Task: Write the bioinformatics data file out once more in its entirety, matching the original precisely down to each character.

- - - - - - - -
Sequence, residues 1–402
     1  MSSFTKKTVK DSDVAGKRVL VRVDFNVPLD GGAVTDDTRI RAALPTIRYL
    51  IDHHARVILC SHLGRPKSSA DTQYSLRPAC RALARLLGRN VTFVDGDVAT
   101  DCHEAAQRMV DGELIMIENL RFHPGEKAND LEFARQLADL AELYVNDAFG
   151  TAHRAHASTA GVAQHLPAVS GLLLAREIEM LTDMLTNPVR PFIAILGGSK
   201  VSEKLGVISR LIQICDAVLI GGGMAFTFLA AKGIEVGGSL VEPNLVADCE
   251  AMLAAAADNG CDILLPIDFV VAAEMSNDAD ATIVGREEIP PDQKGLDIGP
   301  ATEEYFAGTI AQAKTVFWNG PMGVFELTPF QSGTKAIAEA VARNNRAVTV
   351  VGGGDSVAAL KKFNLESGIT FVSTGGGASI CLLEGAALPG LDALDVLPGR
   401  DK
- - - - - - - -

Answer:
Sequence, residues 1–402
     1  MSSFTKKTVK DSDVAGKRVL VRVDFNVPLD GGAVTDDTRI RAALPTIRYL
    51  IDHHARVILC SHLGRPKSSA DTQYSLRPAC RALARLLGRN VTFVDGDVAT
   101  DCHEAAQRMV DGELIMIENL RFHPGEKAND LEFARQLADL AELYVNDAFG
   151  TAHRAHASTA GVAQHLPAVS GLLLAREIEM LTDMLTNPVR PFIAILGGSK
   201  VSEKLGVISR LIQICDAVLI GGGMAFTFLA AKGIEVGGSL VEPNLVADCE
   251  AMLAAAADNG CDILLPIDFV VAAEMSNDAD ATIVGREEIP PDQKGLDIGP
   301  ATEEYFAGTI AQAKTVFWNG PMGVFELTPF QSGTKAIAEA VARNNRAVTV
   351  VGGGDSVAAL KKFNLESGIT FVSTGGGASI CLLEGAALPG LDALDVLPGR
   401  DK